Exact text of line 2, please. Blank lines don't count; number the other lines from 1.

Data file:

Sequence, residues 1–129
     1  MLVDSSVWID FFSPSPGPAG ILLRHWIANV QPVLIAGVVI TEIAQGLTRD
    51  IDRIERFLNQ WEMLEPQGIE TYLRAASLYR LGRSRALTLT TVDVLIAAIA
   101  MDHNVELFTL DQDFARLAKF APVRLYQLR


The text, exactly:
     1  MLVDSSVWID FFSPSPGPAG ILLRHWIANV QPVLIAGVVI TEIAQGLTRD